'This Is a Permanent Change': LA's Moving Analytics Is Betting Telehealth Is Here to Stay

Keerthi Vedantam

Keerthi Vedantam is a bioscience reporter at dot.LA. She cut her teeth covering everything from cloud computing to 5G in San Francisco and Seattle. Before she covered tech, Keerthi reported on tribal lands and congressional policy in Washington, D.C. Connect with her on Twitter, Clubhouse (@keerthivedantam) or Signal at 408-470-0776.


Downtown Los Angeles-based Moving Analytics, which uses telehealth tools to lower the barriers to entry for the 6 million Americans suffering from heart disease, announced it has raised $6 million in seed funding Monday.

The eight-year-old company has nabbed customers like Highmark Health, Kaiser Permanente and the Department of Veterans Affairs.

Its rise is yet another example of how the health industry is embracing telehealth and virtual settings post-pandemic, making access easier to cardiac rehab services, which has been plagued by poor attendance for years.

"I think this is a permanent change," said Moving Analytics co-founder and CEO Harsh Vathsangam. "A lot more patients are getting access to care that would not have had access to care."

Cardiac rehabilitation is a comprehensive set of preventative services often provided to people who have suffered a stroke, heart surgery or heart attack in order to improve their heart health. Patients undergo supervised physical activities and mental health counseling to reduce stress and alleviate future heart problems.

Getting patients to attend can be difficult; only 16% of patients show up to their first class. Cardiac rehab requires people to take extra time out of their day to travel and complete activities, which restricts people who cannot travel because of work schedules or disabilities. Women and minorities, especially, participate in cardiac rehab less often than white men due to scheduling and language barriers.

Cardiac rehab centers are also space-constricted, and scheduling multiple people for physical therapy, especially after work hours, can be difficult. Cofounder and CEO of Moving Analytics Harsh Vathsangam said the company has seen waitlists for classes during the most popular hours span as long as three months.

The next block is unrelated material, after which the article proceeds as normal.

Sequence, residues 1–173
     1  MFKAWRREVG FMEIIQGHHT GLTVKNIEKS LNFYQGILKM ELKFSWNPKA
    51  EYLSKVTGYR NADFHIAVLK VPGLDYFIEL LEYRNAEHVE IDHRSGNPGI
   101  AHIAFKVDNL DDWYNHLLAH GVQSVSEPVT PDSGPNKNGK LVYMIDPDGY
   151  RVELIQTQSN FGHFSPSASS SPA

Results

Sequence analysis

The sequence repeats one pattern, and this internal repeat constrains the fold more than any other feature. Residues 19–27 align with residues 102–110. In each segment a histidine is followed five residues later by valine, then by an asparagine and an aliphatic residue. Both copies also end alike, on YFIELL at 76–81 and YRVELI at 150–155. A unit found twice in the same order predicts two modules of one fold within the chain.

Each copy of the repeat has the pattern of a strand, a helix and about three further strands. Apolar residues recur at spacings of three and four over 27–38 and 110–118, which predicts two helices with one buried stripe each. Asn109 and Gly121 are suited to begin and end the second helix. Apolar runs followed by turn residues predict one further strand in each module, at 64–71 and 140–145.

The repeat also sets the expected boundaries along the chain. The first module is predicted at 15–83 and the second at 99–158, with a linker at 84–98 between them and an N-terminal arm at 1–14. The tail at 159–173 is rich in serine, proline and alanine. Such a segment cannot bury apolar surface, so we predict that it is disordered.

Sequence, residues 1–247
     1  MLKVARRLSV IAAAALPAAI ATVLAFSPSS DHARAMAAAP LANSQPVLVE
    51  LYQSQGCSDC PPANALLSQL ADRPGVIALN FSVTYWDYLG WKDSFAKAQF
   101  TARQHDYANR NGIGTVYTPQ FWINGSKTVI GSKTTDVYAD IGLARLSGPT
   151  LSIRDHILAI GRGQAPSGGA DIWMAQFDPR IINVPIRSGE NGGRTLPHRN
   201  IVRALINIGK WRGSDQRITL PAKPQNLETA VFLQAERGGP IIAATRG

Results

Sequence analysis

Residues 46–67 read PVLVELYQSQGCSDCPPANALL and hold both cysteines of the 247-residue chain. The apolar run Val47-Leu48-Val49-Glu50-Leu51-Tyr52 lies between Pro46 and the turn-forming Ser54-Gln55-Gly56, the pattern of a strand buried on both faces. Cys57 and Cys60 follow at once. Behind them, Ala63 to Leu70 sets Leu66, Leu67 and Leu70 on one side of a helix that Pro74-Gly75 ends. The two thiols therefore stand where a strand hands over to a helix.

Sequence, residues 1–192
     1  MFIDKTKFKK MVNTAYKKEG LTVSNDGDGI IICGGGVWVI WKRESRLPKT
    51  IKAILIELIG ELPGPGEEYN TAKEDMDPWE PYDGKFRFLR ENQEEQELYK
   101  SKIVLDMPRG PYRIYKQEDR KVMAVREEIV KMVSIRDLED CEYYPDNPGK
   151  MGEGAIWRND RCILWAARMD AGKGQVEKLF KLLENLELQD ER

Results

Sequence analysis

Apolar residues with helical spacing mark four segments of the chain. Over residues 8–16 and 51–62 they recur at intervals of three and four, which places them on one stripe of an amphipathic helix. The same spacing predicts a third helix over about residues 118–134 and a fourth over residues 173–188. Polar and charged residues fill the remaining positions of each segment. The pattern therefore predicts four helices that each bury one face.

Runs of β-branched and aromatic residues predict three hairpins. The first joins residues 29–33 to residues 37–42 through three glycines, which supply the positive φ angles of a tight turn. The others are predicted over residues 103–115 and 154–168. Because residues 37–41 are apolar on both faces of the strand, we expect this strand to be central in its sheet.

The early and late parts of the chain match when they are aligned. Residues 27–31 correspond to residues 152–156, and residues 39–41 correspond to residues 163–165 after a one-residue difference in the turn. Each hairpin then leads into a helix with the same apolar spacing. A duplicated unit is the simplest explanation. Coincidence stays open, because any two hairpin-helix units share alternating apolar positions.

Moving Analytics CEO and co-founder Harsh Vathsangam, PhD

When a patient is referred to Moving Analytics, the company sends over weight scales, a pressure cuff and an activity tracker, along with instructions on how to download a smartphone app. Patients are paired with a technical support agent to troubleshoot problems, and a coach who is often a registered nurse or an exercise physiologist. After compiling a profile on the patient's behavioral and social determinants of health, coaches take them through a series of activities.

"It's a very, very interactive process," Vathsangam said. "Our coaches work with you to really understand what your day-to-day life plans are. What are the challenges you're facing? And then they act more as mentors to help you pick the goals that you want to achieve success and then give you the clinical expertise."

The $6 million funding will go toward growing support and operational teams within the company, and creating new product features, including a data analytics platform for patient providers, and integrations with the Apple Watch and other wearables.

When the pandemic shuttered access to cardiac rehab centers around the country, health services were quick to pivot to virtual classes. Companies like Texas-based NextGen RPM, as well as institutions like Johns Hopkins, began to coordinate home-based care.

"Our idea was, 'how can we extend this life saving service beyond the four walls of a hospital facility or outpatient facility?'" Vathsangam said. "And that's basically what led us to create our program."

Moving Analytics began offering virtual services in 2015. Vathsangam said he soon found 80% of patients were completing rehab over the 90 day period, while study from the Journals of the American Heart Association found that completion rates for in-person rehab hovered at around 27%. Vathsangam said 40% of its virtual patients were women, while another study found that 80% of women who are prescribed cardiac rehab do not utilize the service.

It will also go to what Vathsangam calls an "AI-based coach" to guide patients through niche lifestyle changes around smoking and diet changes, and to modify patients' exercises based on their progress.

"This is an opportunity to capture and get access to life-saving services for thousands of people who would not otherwise get it," Vathsangam said.


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